A simple holiday trip to Grandma’s house teaches us a lot about delegating and the balance between micromanaging and full autonomy in this episode. Why is that important for business? There are two traps at either end of managing people...
A simple holiday trip to Grandma’s house teaches us a lot about delegating and the balance between micromanaging and full autonomy in this episode.
Why is that important for business?
There are two traps at either end of managing people and delegating responsibility that can both be problematic:
1. Not making space for the story of them to evolve and micromanaging them, or;
2. Giving them full autonomy, perhaps before they are ready or developed for that responsibility.
So how do navigate this fine line?
Often, a great first place to look are at the stakes of the project. Look for low and medium stakes issues to delegate – areas that you can leave room for some autonomy, and even some failure, because they can be repaired or fixed if a problem occurs. Like in parenting, if you want your team to be able to handle disappointment or frustration, you have to let them be disappointed or frustrated. If you want to delegate, you must first let people have low stakes failures and allow them to develop. You have to let employees have space to learn by doing, but it doesn’t have to be a binary choice between micromanagement and hands off.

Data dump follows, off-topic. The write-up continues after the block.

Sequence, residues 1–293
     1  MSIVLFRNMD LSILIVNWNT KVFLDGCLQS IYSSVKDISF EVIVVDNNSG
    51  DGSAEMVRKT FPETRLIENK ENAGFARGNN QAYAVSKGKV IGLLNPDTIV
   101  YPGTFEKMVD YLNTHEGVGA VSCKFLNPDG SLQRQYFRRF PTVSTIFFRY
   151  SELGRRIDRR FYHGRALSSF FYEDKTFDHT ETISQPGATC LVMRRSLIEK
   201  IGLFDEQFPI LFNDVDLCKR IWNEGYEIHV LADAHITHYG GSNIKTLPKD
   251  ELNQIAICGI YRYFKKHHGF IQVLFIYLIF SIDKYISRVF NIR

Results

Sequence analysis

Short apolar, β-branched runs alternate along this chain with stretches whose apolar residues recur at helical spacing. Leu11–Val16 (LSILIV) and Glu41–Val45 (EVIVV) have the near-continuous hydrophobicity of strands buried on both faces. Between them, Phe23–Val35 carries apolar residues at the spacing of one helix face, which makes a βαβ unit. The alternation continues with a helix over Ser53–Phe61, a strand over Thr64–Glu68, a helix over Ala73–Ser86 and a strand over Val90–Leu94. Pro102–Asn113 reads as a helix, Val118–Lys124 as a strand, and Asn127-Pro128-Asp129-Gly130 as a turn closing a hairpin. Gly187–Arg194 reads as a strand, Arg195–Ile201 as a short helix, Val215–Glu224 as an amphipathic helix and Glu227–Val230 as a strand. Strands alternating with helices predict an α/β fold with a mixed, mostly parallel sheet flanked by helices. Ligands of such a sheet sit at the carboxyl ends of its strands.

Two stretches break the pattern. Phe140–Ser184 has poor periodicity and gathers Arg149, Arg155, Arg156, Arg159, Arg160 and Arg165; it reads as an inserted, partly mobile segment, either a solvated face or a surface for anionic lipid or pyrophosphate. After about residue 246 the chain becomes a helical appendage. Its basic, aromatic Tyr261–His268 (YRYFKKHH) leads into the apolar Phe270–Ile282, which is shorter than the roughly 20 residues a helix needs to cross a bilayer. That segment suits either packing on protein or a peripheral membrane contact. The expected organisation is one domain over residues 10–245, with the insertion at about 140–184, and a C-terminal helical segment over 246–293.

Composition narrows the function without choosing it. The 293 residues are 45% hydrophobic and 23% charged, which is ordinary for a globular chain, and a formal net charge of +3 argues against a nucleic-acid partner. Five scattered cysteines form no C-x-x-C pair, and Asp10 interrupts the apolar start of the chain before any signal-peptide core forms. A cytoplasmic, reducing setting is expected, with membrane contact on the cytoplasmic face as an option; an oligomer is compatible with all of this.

The projects or tasks that you delegate should also help them appreciate the impact of mistakes and have an insight into the larger pictures. Mindless busy work can be delegated, but it doesn’t help them develop a sense of responsibility that tasks that are clearly tied to the next step will.
Besides the stakes, you want to consider the impact of the project you want to delegate – who will a failure impact? If it’s important customers, that is something you want to observe more carefully.
At some point, you also have to consider that well-delegated tasks are a good litmus test for assessing someone’s strengths and suitability. It is important as a manager to recognize what is important to the staff member, and recognize the skill sets they have and where they work well. They might not be suited for the tasks you want to delegate.
The best way to move into delegation is to make sure people can change the sentiment of “you’re right” to the sentiment of “that’s right”. Pay attention to what part of delegation you get stuck on, and what part they can help you with from the other side. Notice what role the story you have of that person plays into your delegation experience.
And lastly, if you delegate a lot, and it always fails, maybe the problem is you.
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